Thwaites Glacier Sep 2022

The future of our coasts

For the first time, scientists mapped in high-resolution a critical area of the seafloor in front of the glacier that gives them a window into how fast Thwaites retreated and moved in the past.

Thwaites Glacier 1998

Article in Nature Journal
Rapid retreat of Thwaites Glacier in the pre-satellite era
Graham, A.G.C., Wåhlin, A., Hogan, K.A. et al. Rapid retreat of Thwaites Glacier in the pre-satellite era. Nat. Geosci. (2022).


Understanding the recent history of Thwaites Glacier, and the processes controlling its ongoing retreat, is key to projecting Antarctic contributions to future sea-level rise. Of particular concern is how the glacier grounding zone might evolve over coming decades where it is stabilized by sea-floor bathymetric highs. Here we use geophysical data from an autonomous underwater vehicle deployed at the Thwaites Glacier ice front, to document the ocean-floor imprint of past retreat from a sea-bed promontory. We show patterns of back-stepping sedimentary ridges formed daily by a mechanism of tidal lifting and settling at the grounding line at a time when Thwaites Glacier was more advanced than it is today. Over a duration of 5.5 months, Thwaites grounding zone retreated at a rate of >2.1 km per year—twice the rate observed by satellite at the fastest retreating part of the grounding zone between 2011 and 2019. Our results suggest that sustained pulses of rapid retreat have occurred at Thwaites Glacier in the past two centuries. Similar rapid retreat pulses are likely to occur in the near future when the grounding zone migrates back off stabilizing high points on the sea floor.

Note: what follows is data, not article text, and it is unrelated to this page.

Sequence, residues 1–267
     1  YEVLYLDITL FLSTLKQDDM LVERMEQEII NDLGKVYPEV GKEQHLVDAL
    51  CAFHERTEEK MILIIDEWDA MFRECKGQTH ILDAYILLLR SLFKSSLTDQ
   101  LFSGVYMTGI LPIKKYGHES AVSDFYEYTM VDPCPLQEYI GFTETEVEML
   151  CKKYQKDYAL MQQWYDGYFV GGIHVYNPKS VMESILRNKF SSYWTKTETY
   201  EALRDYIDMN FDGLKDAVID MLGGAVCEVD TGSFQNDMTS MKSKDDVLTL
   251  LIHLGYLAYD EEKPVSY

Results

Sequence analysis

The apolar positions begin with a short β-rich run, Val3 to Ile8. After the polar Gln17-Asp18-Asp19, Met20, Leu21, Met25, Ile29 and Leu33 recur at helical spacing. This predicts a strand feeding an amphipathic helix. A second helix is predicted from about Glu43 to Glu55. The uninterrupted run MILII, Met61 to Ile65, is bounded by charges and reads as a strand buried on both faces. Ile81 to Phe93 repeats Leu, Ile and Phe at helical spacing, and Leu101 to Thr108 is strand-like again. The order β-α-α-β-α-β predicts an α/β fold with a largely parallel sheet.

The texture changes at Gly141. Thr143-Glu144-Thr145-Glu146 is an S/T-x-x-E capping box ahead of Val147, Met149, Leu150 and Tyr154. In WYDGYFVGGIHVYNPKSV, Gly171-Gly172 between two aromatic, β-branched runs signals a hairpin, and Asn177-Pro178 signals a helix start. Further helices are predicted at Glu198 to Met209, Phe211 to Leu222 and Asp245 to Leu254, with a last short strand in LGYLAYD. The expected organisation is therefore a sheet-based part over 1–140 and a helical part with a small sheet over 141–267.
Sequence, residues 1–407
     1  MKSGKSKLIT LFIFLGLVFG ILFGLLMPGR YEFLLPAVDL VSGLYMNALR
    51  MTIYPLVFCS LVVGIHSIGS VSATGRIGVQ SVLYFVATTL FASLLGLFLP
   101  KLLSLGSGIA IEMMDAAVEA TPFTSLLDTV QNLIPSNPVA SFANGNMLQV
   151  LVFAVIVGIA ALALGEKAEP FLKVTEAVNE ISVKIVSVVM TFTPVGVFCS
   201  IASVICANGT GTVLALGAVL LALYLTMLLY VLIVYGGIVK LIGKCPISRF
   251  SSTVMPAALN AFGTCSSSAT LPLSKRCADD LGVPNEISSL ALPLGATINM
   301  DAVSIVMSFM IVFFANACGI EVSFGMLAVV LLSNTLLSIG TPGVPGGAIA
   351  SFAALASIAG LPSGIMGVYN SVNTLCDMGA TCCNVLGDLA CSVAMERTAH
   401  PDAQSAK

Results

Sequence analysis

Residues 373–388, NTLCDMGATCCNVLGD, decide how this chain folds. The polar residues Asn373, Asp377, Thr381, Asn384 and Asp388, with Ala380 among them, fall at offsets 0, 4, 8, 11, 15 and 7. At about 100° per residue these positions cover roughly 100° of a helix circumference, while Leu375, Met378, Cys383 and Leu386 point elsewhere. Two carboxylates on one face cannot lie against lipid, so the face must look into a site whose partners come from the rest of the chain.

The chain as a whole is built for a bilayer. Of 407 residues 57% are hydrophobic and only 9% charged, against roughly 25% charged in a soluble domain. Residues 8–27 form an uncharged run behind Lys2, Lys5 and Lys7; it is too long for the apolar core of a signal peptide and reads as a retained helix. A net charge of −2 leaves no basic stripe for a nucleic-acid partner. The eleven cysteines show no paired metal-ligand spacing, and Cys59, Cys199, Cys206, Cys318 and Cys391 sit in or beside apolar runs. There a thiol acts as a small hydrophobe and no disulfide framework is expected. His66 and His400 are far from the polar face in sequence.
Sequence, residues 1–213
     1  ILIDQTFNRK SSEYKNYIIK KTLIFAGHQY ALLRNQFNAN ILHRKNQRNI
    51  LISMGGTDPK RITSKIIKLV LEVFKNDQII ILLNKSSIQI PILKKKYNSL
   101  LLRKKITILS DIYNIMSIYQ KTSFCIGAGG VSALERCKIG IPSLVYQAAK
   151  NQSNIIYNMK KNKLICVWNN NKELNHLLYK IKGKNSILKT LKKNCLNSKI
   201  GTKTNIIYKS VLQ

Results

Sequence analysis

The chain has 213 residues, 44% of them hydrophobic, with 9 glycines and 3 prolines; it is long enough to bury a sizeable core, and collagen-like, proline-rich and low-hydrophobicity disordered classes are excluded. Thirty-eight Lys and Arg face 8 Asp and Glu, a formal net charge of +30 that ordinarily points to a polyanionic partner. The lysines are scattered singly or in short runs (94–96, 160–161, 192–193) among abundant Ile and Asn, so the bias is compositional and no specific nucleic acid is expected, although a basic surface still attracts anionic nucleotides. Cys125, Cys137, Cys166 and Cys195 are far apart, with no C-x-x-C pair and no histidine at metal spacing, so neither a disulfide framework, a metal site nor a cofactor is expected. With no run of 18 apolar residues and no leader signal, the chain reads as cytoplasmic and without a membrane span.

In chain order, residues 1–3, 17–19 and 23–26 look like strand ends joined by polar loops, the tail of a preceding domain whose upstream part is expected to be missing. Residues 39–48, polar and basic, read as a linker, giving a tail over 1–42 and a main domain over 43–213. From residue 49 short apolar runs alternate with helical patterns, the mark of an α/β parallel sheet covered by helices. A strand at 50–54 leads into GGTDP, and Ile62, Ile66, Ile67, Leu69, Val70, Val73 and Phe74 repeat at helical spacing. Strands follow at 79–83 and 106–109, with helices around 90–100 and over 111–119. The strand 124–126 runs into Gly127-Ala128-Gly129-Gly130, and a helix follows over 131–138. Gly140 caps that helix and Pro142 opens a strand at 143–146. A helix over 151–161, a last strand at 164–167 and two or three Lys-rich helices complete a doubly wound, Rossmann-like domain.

Click for article in Nature Journal

The glacier is named after Fredrik T. Thwaites (1883–1961), a glacial geologist, geomorphologist, and professor emeritus at the University of Wisconsin–Madison.


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